Professor Emerita Gillian Wu recipient of John D. Reynolds Award

Kinesiology & Health Science Professor Emerita Gillian Wu has been awarded the prestigious John D. Reynolds Award from the Canadian Society for Immunology (CSI).

Gillian Wu

Gillian Wu

Wu will receive the award at the upcoming CSI conference in Ottawa, running April 1 to 4.

The award is named in honor of Dr. John D. Reynolds, who served the CSI for more than 20 years in multiple capacities, including as councilor and president. In addition to these contributions, the award is designed honor him for his creative technological leadership that led the CSI into the 21st Century in conference and membership management. It was his volunteer service that pushed the CSI to the forefront Internationally.

The John D. Reynolds award is given to a long-term member of CSI for their exceptional service to the CSI in multiple capacities. It was created to recognize immunology scientists who, through their volunteer service, have aided the CSI in fulfilling its mandate to foster and support immunology research and education throughout Canada.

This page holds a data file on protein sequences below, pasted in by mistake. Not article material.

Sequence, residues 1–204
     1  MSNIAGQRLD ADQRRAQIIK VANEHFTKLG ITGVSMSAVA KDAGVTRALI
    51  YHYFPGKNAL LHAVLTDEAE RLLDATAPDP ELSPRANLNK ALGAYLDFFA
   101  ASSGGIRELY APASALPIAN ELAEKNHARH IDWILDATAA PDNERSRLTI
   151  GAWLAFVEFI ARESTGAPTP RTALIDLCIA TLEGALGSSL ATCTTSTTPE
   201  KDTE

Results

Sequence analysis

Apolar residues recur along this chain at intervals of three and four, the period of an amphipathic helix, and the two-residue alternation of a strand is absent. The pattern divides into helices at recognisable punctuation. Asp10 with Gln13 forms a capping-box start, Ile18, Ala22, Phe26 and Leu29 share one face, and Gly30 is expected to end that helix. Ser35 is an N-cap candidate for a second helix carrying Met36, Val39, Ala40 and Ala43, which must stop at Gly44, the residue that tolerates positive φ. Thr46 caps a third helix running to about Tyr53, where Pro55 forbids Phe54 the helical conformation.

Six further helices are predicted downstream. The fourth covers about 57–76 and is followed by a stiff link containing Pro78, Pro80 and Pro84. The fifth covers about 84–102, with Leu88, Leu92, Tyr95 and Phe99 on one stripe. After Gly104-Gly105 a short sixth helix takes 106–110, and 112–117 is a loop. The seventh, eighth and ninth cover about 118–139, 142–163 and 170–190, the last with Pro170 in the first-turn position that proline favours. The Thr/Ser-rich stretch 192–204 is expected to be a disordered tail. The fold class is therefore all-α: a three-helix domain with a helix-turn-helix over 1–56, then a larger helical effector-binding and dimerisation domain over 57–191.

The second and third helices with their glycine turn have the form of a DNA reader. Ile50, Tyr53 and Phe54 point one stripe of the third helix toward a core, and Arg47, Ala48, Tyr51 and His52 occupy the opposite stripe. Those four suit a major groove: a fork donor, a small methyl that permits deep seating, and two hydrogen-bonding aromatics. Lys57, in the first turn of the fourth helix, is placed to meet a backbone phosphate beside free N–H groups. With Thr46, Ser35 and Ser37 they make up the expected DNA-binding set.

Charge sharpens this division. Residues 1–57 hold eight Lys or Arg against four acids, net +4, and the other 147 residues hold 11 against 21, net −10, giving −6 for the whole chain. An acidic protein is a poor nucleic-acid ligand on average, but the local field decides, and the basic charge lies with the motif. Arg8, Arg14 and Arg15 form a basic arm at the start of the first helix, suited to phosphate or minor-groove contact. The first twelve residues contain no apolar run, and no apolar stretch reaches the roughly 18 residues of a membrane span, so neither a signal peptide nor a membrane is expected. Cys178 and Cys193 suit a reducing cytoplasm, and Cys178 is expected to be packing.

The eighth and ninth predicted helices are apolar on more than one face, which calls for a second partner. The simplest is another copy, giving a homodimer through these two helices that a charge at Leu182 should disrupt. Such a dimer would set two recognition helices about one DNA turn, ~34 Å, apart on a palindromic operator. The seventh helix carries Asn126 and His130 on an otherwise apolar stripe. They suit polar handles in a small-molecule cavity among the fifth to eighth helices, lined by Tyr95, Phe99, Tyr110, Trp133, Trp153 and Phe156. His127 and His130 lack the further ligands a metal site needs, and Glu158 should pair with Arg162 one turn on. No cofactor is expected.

“I am very proud to be honoured with the John D. Reynolds Award,” said Wu, who has worked with the CSI since 1986 and remains an active member.

Wu says during her time with the CSI, mentoring a new generation of immunologists in the society is what she is most proud of – and likely the reason for her nomination.

She attended her first CSI annual meeting in 1987 and has attended all but one since, and has served the CSI in many hierarchical positions.

“But for me, as important as our research results have been, the results of the supervisory roles, the committees, boards, and societies in which I have served have made me most proud and grateful,” she said. “Looking back, by far my most valued memories focus on mentoring and seeing accomplishments of my trainees, my colleagues, the boards and committees I served on, and the societies in which I played a role.”

Wu earned a BSc at McMaster, an MSc in medical biophysics at U of T (the first woman to graduate from this program) and later a PhD. During her career, she joined the Basel Institute for Immunology in Switzerland, where she focused research in the emerging field of molecular immunology. From there, she became a professor in the newly formed Department of Immunology at the University of Toronto in 1986.

Wu joined York University as Dean of Science and Engineering in 2001 with the mandate to develop a Faculty of Engineering, and build up the health and biological sciences.

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